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Talk and poster at PASPS VIII

We’re excited to present one talk and one poster on our research at the upcoming PASPS VIII meeting in Washington, D.C.  The talk will be “Driving diamond nitrogen-vacancy center spins with mechanical motion”  presented by Professor Fuchs. The poster will be “Single Photon Emission from Defects in Sputtered ZnO Films” by N. R. Jungwirth,  H. S. Chang, Y. Y. Pai, and G. D. Fuchs presented by Hung. Come see them!

Welcome Isaiah Gray!

Isaiah Gray, and incoming Applied Physics graduate student has joined our group.  Welcome Isaiah!

Welcome summer students!

We are being joined this summer by two new undergraduate students.  Caleb Zerger is joining us for the summer from the University of Michigan through the CCMR REU program, and Jonathan Karsch, a Cornell engineering student, is joining us though an Engineering Learning Initiatives research award.  Welcome Caleb and Jonathan!

Evan MacQuarrie awarded William Nichols Findley Award

Evan MacQuarrie has been awarded William Nichols Findley Award (awarded annually to a Engineering Physics or Physics student for an exceptional research paper) for the paper “Mechanical spin control of nitrogen-vacancy centers in diamond”. Congratulations Evan!

Special AEP Seminar, Friday May 9 at 2 pm

Jiuen Lee, Ph.D. from the University of Michigan will be giving a seminar titled “Temporal and Spatial Control of Quantum Dots for On-Chip Integration” on Friday May 9 at 2 pm in Physical Sciences 120.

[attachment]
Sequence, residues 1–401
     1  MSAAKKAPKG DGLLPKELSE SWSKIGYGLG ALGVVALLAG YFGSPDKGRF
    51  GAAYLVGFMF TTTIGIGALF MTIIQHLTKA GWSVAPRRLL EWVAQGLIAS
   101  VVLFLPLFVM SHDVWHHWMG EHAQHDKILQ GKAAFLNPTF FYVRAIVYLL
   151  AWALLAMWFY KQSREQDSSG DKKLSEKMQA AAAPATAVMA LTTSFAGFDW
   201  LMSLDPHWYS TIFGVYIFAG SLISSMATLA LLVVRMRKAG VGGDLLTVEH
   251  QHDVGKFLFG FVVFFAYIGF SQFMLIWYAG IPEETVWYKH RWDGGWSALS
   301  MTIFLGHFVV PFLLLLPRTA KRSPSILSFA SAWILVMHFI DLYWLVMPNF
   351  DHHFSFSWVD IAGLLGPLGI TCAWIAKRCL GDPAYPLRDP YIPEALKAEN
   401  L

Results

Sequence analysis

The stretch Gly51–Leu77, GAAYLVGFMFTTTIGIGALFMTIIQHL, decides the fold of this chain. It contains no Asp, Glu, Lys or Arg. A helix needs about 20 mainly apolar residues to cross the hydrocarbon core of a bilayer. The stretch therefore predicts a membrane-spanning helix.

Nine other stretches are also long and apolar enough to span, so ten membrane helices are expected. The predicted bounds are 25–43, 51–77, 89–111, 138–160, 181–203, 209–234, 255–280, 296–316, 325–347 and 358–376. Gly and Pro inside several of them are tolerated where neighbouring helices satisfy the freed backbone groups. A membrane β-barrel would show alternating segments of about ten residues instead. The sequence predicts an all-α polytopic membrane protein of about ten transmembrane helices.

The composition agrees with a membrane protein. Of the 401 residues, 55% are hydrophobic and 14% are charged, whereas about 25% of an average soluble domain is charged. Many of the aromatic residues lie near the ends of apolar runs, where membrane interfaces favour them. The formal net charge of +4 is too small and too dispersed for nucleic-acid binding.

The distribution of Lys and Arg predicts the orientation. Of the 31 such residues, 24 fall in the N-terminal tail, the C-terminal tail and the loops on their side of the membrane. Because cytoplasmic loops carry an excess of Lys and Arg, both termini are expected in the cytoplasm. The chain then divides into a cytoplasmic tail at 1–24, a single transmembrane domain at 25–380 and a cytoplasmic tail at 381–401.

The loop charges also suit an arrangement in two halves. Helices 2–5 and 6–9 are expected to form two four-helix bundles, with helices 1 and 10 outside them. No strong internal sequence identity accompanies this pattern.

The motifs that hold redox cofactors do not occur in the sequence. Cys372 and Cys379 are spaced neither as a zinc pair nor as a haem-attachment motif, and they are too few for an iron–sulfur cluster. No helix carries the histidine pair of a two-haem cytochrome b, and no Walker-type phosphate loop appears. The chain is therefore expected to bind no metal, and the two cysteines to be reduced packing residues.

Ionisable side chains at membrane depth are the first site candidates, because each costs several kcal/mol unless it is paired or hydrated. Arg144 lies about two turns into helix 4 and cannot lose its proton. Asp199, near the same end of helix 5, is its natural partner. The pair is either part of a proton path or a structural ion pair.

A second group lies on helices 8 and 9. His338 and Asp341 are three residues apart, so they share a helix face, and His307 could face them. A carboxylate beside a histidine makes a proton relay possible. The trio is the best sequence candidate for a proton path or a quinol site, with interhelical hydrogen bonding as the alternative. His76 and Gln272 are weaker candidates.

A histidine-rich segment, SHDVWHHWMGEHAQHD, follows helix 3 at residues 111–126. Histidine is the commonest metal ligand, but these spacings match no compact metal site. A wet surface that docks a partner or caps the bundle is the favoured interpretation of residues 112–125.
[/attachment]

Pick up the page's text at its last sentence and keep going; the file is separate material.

Quantum dots (QDs) are nanostructures that confine electrons in three spatial dimensions. Due to their discrete atom-like energy levels, a wide variety of applications related to the optical properties of dots are possible. One such application is to integrate a QD in a photonic crystal cavity to enable the enhanced interaction between electrons and photons. Such hybrid systems of QD electrons and cavity photons can be an interesting platform for both the fundamental study of light-matter interactions and applications in information processing. In the first part of this talk, we focus on the temporal dynamics of single QDs coupled to a photonic cavity. In particular, an optical experiment using two time-delayed ultrafast pulses enables the quantitative description of the emission enhancement and reveals the nonlinearity of various transitions in single QDs. In the second part, we discuss a tool that can deterministically couple a dot to a cavity. Since the dot-cavity coupling efficiency depends on their spatial overlap, the ability to control QD positions at the fabrication level is highly desirable. We use a focused-ion-beam to pattern QDs at predetermined locations and evaluate their fidelity and optical properties for practical applications. All these experiments will be discussed in the context of developing scalable quantum information processing on a chip.